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October 7, 2013

Tea for the Tillerdog

Long ago and far away (oh, my best beloved) there was a student of limited resource and capacity. He lived in the vale of of Washington University, set about by phallic symbols made of the teeth of elephant children. These towers protected the land from the intellectual desert of St. Louis.

At night, he huddled in a small cave hung with posters and mobiles, and eye-catching items of more than oriental splendor. But when the sun rose, he placed upon his back the coat of morning and ventured forth in his guise of "The Elementary Penguin", to tell stories and soothe the hallucinatory dreams of those who had eaten of the mushroom or tasted the blotter.

One day the Penguin was seated in the cool shade of the student union (a coming together which was devoutly to be hoped for), contemplating navels other than his own, when he noticed a creature that resembled a long hairy ... ummm ... let us say 'sausage' (best beloved). The creator of all things had seen fit to place short stubby legs upon this animated sausage, two before and two behind. Above the forelegs rose a head that seemed too big for the rest of the creature.

The Penguin regarded the creature with 'satiable curiosity, wagering with himself as to the moment that the head would overbalance the body and, pivoting on its forelegs, the wiener dog Max (for indeed it was that very animal) would tip forward and flip end over end down the slope which led down from the student union to the swamp known as 'the residential halls'.

But as he studied Max he realized that there was indeed a counter-balance dangling from the rear of the creature. A counter-balance which even in repose seemed to clear the ground by only the faintest fraction of the smallest fragment of an inch. Sipping from the potent caffeinated beveraqe which was his usual if not sole sustenance. He watched the animated sausage at play in the field, and pondered the irritation and pain that would be the lot of an extruded member so proximal to the ground.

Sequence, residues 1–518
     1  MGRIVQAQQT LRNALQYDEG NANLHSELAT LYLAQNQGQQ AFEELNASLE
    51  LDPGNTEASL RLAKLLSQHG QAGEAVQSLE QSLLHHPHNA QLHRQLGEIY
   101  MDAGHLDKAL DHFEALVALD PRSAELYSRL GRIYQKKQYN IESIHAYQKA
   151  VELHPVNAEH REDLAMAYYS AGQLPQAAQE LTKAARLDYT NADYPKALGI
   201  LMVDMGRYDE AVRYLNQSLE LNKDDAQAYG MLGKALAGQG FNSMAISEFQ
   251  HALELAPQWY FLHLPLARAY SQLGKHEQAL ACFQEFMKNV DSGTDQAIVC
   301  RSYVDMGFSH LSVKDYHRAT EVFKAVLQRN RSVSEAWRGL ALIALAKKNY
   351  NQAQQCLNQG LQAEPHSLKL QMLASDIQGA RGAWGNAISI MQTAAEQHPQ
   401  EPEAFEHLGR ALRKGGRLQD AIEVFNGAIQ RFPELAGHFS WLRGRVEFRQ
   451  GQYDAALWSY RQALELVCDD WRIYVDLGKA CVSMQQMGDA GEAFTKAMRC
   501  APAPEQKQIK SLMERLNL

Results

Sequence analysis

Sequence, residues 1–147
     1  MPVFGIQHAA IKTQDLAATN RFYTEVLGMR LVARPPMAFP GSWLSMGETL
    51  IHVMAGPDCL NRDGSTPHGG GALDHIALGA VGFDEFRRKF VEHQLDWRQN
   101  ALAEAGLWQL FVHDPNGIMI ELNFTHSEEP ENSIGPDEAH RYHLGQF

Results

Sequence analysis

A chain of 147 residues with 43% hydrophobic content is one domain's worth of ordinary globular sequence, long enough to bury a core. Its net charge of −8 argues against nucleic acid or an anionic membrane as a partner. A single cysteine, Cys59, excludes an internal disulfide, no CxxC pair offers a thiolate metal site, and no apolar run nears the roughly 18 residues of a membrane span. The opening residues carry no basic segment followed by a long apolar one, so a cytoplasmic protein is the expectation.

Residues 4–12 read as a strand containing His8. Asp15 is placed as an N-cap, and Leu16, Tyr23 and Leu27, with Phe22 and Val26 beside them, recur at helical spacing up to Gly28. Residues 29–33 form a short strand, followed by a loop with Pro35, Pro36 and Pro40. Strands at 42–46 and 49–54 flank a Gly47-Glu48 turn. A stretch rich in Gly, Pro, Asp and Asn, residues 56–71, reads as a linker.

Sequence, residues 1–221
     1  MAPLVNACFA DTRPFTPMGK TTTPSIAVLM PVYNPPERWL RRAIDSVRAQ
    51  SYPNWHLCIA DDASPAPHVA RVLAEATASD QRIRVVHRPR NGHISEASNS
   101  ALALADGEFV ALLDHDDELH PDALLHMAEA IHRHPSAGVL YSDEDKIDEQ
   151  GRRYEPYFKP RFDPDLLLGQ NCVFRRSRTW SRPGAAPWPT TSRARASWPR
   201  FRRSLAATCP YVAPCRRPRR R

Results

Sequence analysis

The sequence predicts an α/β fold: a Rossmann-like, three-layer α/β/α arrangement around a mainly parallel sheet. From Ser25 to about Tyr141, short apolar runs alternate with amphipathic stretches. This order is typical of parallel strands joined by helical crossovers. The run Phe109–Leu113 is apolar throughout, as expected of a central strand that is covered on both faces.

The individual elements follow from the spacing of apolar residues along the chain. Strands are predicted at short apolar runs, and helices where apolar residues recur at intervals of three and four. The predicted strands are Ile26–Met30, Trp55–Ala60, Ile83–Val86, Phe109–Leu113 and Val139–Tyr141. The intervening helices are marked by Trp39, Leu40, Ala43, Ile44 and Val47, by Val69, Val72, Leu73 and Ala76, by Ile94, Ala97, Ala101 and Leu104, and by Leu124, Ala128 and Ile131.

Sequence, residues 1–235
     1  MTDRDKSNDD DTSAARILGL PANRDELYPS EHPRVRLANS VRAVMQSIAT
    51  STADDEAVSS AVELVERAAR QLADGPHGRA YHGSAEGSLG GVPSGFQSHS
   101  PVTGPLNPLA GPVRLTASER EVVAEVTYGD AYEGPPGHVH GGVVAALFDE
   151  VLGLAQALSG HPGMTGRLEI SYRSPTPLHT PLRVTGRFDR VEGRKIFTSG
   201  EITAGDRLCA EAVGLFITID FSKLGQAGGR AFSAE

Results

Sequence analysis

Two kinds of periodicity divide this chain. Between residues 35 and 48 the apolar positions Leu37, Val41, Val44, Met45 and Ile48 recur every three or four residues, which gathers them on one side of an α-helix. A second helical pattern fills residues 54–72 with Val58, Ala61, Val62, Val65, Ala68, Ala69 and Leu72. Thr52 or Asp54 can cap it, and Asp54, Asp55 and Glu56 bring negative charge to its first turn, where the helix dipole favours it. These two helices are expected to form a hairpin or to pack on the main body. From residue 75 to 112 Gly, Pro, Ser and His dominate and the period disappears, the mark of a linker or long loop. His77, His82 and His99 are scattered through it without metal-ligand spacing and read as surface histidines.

As the sun rose higher, the Penguin recorded the approach of a long-haired female, more of Max's persuasion than of the Penguin's, yet extraordinarily different. The Penguin muttered "is Timmy in the well?" under his breath.

Max had become aware of the presence of the female and turgidly produced a pink sausage that seemed to cling remora-like to its supporter. It did, as the Penguin winced to recognize, drag along the ground, scraping through stones, sand and grass clippings leaving a shallow ditch. The Penguin, as was his wont, took a simple-minded delight that the word ditch appeared in relation to the female, and immediately started casting about for other rhymes.

She, in the meantime, had found some shade beneath a dying maple and lay there panting, overheated in a multiplicity of ways. Max, with his enormous pink plow, furrowed the field as he slipped up behind.

He attempted. The lass looked over her shoulder with disdain and dislodged the intruder through the simple expedient of standing up. She moved to another patch of shade, but Max came grooving through the fields to try again ... and again ... and again. After thirty minutes the field looked like a trigonometrician's blackboard. Max's excitement was intense and he had been leaving trails of genetic material in the furrows. The penguin pondered this, realizing that to the vector belong the spills.

At last more in furrow with his hanger, Max watched as the object of his affections trotted away to find a more private place to repose. The Penguin watched as Max's spirits and wilted. Sadly, that was all that wilted, and for some time the animated weiner wandered forlornly, leaving a map of his sorrow.

The Penguin ordered an iced drink poured it into a bowl, placed it on the ground and called Max over. He wondered which end would be in the bowl. Max lapped at it gratefully and the Penguin enjoyed a Cat Stevens moment for he had provided 'tea for the tillerdog'.